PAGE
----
Against multiple regression analysis28 January, 2016 at 18:35 | Posted in Statistics & Econometrics | 2 Comments
Distinguished social psychologist Richard E. Nisbett has a somewhat atypical aversion to multiple regression analysis . In his Intelligence and How to Get It (Norton 2011) he wrote (p. 17):
Researchers often determine the individual’s contemporary IQ or IQ earlier in life, socioeconomic status of the family of origin, living circumstances when the individual was a child, number of siblings, whether the family had a library card, educational attainment of the individual, and other variables, and put all of them into a multiple-regression equation predicting adult socioeconomic status or income or social pathology or whatever. Researchers then report the magnitude of the contribution of each of the variables in the regression equation, net of all the others (that is, holding constant all the others). It always turns out that IQ, net of all the other variables, is important to outcomes. But … the independent variables pose a tangle of causality – with some causing others in goodness-knows-what ways and some being caused by unknown variables that have not even been measured. Higher socioeconomic status of parents is related to educational attainment of the child, but higher-socioeconomic-status parents have higher IQs, and this affects both the genes that the child has and the emphasis that the parents are likely to place on education and the quality of the parenting with respect to encouragement of intellectual skills and so on. So statements such as “IQ accounts for X percent of the variation in occupational attainment” are built on the shakiest of statistical foundations. What nature hath joined together, multiple regressions cannot put asunder.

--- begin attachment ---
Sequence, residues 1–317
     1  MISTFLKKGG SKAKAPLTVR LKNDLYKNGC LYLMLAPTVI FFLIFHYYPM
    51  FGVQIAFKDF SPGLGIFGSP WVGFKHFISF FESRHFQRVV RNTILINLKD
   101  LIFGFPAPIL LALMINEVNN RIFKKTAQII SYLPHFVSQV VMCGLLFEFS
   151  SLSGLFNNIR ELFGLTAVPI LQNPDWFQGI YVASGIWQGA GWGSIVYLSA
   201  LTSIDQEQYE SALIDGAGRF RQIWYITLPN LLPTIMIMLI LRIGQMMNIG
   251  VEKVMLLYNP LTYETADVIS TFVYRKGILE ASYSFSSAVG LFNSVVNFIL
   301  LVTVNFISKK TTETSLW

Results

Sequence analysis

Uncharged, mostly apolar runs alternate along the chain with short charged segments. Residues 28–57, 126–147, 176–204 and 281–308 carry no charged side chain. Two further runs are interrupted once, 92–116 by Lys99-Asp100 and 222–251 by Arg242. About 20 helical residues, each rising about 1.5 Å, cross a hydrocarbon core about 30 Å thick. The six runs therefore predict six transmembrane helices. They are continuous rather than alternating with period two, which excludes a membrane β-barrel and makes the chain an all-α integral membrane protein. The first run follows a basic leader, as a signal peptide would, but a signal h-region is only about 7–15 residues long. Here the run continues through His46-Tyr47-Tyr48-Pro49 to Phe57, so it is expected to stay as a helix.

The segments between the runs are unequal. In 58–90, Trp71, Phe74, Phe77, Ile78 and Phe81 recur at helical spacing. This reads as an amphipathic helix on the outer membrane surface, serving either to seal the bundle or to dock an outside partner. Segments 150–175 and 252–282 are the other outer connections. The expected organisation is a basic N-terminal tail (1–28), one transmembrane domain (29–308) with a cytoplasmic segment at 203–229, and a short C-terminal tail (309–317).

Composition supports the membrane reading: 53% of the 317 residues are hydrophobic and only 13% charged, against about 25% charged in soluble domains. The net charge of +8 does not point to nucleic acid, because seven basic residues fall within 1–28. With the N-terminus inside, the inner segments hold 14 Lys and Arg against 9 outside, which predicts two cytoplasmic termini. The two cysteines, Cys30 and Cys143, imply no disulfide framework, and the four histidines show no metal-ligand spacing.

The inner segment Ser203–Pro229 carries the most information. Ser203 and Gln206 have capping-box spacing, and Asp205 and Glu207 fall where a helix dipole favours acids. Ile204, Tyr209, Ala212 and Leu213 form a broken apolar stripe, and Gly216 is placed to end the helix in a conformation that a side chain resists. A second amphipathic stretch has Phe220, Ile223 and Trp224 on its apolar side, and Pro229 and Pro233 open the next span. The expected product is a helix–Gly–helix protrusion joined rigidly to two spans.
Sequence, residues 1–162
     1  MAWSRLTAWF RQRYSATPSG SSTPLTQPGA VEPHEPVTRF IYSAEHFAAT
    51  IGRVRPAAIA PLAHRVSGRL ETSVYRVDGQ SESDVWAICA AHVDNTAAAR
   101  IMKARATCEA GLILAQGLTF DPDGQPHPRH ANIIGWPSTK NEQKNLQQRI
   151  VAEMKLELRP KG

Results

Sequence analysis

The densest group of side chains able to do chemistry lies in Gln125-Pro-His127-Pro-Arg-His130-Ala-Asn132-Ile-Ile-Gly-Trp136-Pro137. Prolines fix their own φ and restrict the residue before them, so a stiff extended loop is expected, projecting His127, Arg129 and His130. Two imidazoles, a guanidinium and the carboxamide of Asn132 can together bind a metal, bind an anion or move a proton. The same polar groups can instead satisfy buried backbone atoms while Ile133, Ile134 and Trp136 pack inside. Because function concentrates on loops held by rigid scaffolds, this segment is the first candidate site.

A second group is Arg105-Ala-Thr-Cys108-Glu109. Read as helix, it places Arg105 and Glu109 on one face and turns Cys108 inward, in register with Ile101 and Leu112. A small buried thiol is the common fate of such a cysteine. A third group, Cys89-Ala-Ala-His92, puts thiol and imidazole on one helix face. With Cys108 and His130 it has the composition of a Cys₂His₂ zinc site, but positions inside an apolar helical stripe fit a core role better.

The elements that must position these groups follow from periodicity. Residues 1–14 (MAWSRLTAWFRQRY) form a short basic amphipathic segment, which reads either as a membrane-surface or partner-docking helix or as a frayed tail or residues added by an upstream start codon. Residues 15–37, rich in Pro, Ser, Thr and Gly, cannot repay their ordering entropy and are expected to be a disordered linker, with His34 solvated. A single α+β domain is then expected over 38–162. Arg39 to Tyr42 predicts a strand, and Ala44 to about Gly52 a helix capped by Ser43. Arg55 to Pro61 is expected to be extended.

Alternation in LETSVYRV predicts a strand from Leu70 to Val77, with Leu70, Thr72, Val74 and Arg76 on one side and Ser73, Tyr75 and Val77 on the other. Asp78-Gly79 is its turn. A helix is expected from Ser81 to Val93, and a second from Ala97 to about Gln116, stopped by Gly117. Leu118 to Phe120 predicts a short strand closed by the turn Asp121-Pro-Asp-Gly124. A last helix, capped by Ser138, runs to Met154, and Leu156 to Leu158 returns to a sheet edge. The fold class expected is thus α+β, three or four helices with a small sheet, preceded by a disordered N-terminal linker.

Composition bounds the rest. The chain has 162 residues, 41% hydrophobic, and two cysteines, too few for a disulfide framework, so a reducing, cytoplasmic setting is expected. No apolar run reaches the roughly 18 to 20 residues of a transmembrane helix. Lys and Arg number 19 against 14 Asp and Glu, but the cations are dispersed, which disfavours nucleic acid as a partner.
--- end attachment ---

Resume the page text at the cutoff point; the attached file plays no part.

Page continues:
And now he is back with a half an hour lecture — The Crusade Against Multiple Regression Analysis — posted on The Edge website a week ago (watch the lecture here).
Now, I think that what Nisbett says is right as far as it goes, although it would certainly have strengthened Nisbett’s argumentation if he had elaborated more on the methodological question around causality, or at least had given some mathematical-statistical-econometric references. Unfortunately, his alternative approach is not more convincing than regression analysis. As so many other contemporary social scientists today, Nisbett seems to think that randomization may solve the empirical problem. By randomizing we are getting different “populations” that are homogeneous in regards to all variables except the one we think is a genuine cause. In this way we are supposed to be able to not have to actually know what all these other factors are.
If you succeed in performing an ideal randomization with different treatment groups and control groups that is attainable. But it presupposes that you really have been able to establish – and not just assume – that the probability of all other causes but the putative have the same probability distribution in the treatment and control groups, and that the probability of assignment to treatment or control groups are independent of all other possible causal variables.